Guinea's Grand Imam, El Hadj Mamadou Saliou Camara, tells his fellow clerics: "If there is any doubt at all, then no one must touch the body." Kevin Leahy /NPR hide caption

itoggle caption Kevin Leahy /NPR

Six-year old Hadja Sow (left) and a classmate on their first day back at school after a prolonged break because of Ebola. Ofeibea Quist-Arcton/NPR hide caption

itoggle caption Ofeibea Quist-Arcton/NPR

This photo was taken in November, a tough month for Sierra Leone, with Ebola cases reportedly on the rise. A staff member is disinfecting an office where Dr. Komba Songu M'Briwah talks on the phone. David Gilkey/NPR hide caption

itoggle caption David Gilkey/NPR

A comic book captures the attention
 of Guinea worm patients Sadia Mesuna (right) and Fatawu Yakubu at a center for patients in Ghana. Louise Gubb/Courtesy of The Carter Center hide caption

itoggle caption Louise Gubb/Courtesy of The Carter Center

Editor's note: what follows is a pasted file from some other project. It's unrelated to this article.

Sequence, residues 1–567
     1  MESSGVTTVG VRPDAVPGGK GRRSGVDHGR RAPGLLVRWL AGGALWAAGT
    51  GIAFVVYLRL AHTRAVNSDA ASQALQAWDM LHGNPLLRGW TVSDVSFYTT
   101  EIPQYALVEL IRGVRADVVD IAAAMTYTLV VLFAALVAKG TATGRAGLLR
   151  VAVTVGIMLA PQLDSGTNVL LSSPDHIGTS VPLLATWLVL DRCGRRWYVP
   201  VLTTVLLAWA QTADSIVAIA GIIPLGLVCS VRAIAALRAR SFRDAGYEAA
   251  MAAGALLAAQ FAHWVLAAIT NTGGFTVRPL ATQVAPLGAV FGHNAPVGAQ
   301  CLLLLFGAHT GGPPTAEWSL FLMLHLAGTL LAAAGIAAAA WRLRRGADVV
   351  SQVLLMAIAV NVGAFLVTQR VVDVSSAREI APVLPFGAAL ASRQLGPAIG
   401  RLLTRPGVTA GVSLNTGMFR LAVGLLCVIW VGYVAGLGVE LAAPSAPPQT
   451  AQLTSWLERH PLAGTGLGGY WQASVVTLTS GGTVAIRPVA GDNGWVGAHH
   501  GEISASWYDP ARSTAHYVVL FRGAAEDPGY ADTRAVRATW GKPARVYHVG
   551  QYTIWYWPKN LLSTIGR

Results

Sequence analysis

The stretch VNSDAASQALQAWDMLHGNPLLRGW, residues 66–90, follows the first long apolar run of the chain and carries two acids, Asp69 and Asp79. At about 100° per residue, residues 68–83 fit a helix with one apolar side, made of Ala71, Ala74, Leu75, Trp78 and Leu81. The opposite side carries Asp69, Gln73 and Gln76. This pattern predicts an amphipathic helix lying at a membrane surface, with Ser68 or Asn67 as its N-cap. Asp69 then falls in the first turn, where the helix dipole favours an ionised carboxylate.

Protective gloves dry out at a treatment center for Ebola patients in Lunsar, Sierra Leone, about 60 miles from the capital of Freetown. Although the Ebola epidemic is leveling off, new cases are still being reported. Courtesy of Joel Selanikio hide caption

itoggle caption Courtesy of Joel Selanikio

Anthony Banbury (second from left) just completed his final tour of West Africa before stepping down as the head of U.N.'s Ebola mission. Reuters/Landov hide caption

itoggle caption Reuters/Landov

Ecologists found signs of Ebola in a Rousettus leschenaultii fruit bat. These bats are widespread across south Asia, from India to China. Kevin Olival/EcoHealth Alliance hide caption

itoggle caption Kevin Olival/EcoHealth Alliance